The counter space reflects her busy life even as we emerge from this devastating pandemic. The two purses are used for specific purposes which I have never understood. I cringe when she ask me to bring her purse. I invariably choose the wrong one.
The two medical cards with our medications are placed where emergency personnel can find them. I have asked myself a few times if the paramedics will even take the time to look, much less read, them.
There’s the business card from the landscape company she is trying to reach because there are brown patches in the yard. I hate to tell her that the brown spots were probably the result of her using way too much Roundup. But I stay quiet.
The colorful luggage tags are for our upcoming trip to Alaska. No international travel for us this year. She has purchased two new sets of luggage to go along with the six suitcases in the garage. I only need one.
There is a picture of me with my beret sitting in the airport in Dublin. It’s her favorite photo of me. I don’t argue with her.
Reclining Buddha A reclining Buddha is an image that represents Buddha lying down and is a major iconographic theme in Buddhist art. It represents the historical Buddha during his last illness, about to enter the parinirvana. He is lying on his right side, his head resting on a cushion or relying on his right elbow, supporting his head with his hand.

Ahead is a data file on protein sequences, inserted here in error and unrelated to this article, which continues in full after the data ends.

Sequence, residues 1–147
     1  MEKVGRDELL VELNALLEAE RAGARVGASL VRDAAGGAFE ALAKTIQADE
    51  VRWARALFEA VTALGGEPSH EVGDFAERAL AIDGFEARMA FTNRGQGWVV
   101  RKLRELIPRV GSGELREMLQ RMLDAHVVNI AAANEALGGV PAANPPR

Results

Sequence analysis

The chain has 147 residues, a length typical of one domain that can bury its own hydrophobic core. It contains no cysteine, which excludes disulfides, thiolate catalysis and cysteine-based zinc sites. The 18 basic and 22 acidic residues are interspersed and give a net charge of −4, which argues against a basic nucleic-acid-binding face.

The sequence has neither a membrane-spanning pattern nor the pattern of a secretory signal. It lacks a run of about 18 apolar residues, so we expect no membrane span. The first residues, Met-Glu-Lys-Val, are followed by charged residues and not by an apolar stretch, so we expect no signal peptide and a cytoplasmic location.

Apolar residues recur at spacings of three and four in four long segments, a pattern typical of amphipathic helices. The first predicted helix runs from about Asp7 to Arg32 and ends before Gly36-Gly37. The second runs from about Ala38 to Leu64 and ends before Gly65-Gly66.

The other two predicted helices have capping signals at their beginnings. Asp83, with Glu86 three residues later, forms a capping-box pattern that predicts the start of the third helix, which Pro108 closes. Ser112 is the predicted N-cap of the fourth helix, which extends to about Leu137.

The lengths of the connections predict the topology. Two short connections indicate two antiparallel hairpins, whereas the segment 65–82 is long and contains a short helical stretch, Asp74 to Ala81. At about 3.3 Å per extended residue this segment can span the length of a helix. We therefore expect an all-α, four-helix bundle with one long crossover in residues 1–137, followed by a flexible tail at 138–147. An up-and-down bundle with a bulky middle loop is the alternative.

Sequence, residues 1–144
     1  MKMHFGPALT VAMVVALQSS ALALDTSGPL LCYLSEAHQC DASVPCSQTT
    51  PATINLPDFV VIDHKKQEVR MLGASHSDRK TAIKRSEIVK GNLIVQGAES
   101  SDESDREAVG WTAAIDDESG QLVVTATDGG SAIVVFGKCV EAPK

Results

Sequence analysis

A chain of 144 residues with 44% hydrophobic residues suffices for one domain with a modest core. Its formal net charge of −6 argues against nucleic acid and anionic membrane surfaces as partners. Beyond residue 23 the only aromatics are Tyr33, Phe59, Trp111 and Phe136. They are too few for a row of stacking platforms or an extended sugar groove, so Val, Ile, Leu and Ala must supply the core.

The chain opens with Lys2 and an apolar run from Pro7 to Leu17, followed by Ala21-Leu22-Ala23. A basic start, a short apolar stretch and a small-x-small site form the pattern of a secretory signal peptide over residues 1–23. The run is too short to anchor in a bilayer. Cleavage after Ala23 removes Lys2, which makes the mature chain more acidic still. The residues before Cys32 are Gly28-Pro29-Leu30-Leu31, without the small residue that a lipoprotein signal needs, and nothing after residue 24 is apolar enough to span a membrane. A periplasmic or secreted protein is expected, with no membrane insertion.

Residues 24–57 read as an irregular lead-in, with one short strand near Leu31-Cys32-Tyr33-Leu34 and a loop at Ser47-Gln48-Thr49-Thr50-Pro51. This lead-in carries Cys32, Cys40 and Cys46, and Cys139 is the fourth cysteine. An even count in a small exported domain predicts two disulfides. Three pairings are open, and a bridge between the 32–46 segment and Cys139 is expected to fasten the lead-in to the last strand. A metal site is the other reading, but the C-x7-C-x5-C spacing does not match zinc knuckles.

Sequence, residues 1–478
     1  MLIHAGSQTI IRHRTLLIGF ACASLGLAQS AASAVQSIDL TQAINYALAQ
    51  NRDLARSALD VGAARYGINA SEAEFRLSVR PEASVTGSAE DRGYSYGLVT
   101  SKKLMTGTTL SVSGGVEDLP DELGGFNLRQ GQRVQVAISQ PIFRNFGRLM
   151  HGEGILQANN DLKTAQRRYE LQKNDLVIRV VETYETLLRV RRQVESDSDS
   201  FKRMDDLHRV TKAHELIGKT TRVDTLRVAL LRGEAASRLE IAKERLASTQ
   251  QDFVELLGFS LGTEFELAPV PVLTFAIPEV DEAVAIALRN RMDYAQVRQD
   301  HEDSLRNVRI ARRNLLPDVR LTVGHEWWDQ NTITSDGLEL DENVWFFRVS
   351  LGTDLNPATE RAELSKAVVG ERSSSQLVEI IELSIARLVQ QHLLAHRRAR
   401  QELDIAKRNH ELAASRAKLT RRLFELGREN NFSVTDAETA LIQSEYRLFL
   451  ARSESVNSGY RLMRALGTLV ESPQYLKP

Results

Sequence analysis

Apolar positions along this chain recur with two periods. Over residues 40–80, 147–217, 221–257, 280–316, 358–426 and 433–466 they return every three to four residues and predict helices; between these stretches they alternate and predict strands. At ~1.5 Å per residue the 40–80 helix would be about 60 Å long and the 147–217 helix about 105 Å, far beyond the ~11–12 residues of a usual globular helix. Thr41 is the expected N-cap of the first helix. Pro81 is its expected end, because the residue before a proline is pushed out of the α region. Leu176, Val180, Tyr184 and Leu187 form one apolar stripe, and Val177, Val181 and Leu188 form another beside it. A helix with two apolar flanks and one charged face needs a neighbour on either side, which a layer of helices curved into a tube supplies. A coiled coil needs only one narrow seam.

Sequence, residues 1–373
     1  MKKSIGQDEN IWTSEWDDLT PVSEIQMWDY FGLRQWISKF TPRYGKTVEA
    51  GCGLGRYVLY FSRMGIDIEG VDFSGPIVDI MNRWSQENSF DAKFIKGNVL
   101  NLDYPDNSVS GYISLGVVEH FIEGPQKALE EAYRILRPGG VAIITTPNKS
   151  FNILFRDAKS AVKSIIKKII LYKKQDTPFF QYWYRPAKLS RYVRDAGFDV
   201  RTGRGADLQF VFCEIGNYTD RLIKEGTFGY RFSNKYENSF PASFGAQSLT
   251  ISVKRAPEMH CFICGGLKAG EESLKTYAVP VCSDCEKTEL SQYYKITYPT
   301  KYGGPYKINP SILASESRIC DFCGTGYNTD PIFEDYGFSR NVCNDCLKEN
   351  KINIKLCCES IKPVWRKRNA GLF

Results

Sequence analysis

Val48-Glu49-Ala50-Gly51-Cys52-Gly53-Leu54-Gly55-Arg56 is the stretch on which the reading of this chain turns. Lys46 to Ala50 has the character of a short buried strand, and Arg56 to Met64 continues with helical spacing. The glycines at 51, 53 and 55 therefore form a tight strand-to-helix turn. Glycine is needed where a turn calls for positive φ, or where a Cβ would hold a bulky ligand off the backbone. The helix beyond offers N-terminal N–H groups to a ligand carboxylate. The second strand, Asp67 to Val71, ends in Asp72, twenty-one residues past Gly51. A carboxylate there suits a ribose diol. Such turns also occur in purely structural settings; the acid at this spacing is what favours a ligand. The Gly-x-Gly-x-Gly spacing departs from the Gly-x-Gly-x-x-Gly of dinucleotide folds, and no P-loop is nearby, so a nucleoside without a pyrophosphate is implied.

The local market was a colorful visual experience as well as a treat for the nose. The borders of the Central Europe are vague and irrational but the smell can identify certain regions. From across the street the smell of boiled cabbage and stale beer whiffed through the air. This must be Vienna!
The Grand Teton National Forestwas a major reason we decided to take a road trip to the West. We were primed for its beauty. We lodged the night before near the Grand Teton’s. Upon waking the next morning the Teton’s were totally blacked out by heavy hoary clouds. But the storm passed in a few more hours.
“The Cambodian village of Kdep Tmar, deep in the northwest forests near the Thai border, lies within a minefield. Planted by numerous belligerent factions during Cambodia’s three decades of war, the mines are in the fields behind the houses, along the rutted track that is the only access to the village and in the forest where the villagers gather wood.
“Life is bad here,” says Pou Venh, father of three, a sad-faced man whose body is emaciated by malaria. “There is no land for growing rice, no food, mines everywhere. The school has no furniture.” He and his wife try to keep their children from wandering too far, but they don’t even know if the patch of ground around their small wooden shack is safe. Two months ago a pregnant woman was killed by a mine as she walked to the outdoor latrine 20 yds. behind her hut.”